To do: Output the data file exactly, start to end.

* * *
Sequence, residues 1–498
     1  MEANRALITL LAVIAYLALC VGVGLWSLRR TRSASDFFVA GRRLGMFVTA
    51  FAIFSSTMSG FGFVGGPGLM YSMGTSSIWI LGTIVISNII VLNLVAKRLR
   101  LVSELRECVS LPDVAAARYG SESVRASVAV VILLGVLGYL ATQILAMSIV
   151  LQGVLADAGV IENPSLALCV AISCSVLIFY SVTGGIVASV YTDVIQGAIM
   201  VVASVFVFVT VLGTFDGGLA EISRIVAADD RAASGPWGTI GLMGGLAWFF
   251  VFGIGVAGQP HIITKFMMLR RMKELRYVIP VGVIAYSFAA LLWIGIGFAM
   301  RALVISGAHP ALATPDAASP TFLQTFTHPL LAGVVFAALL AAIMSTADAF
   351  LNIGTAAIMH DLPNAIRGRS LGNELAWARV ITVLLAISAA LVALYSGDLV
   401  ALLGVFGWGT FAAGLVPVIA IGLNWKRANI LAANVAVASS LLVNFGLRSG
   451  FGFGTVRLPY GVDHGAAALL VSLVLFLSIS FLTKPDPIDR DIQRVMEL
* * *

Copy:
Sequence, residues 1–498
     1  MEANRALITL LAVIAYLALC VGVGLWSLRR TRSASDFFVA GRRLGMFVTA
    51  FAIFSSTMSG FGFVGGPGLM YSMGTSSIWI LGTIVISNII VLNLVAKRLR
   101  LVSELRECVS LPDVAAARYG SESVRASVAV VILLGVLGYL ATQILAMSIV
   151  LQGVLADAGV IENPSLALCV AISCSVLIFY SVTGGIVASV YTDVIQGAIM
   201  VVASVFVFVT VLGTFDGGLA EISRIVAADD RAASGPWGTI GLMGGLAWFF
   251  VFGIGVAGQP HIITKFMMLR RMKELRYVIP VGVIAYSFAA LLWIGIGFAM
   301  RALVISGAHP ALATPDAASP TFLQTFTHPL LAGVVFAALL AAIMSTADAF
   351  LNIGTAAIMH DLPNAIRGRS LGNELAWARV ITVLLAISAA LVALYSGDLV
   401  ALLGVFGWGT FAAGLVPVIA IGLNWKRANI LAANVAVASS LLVNFGLRSG
   451  FGFGTVRLPY GVDHGAAALL VSLVLFLSIS FLTKPDPIDR DIQRVMEL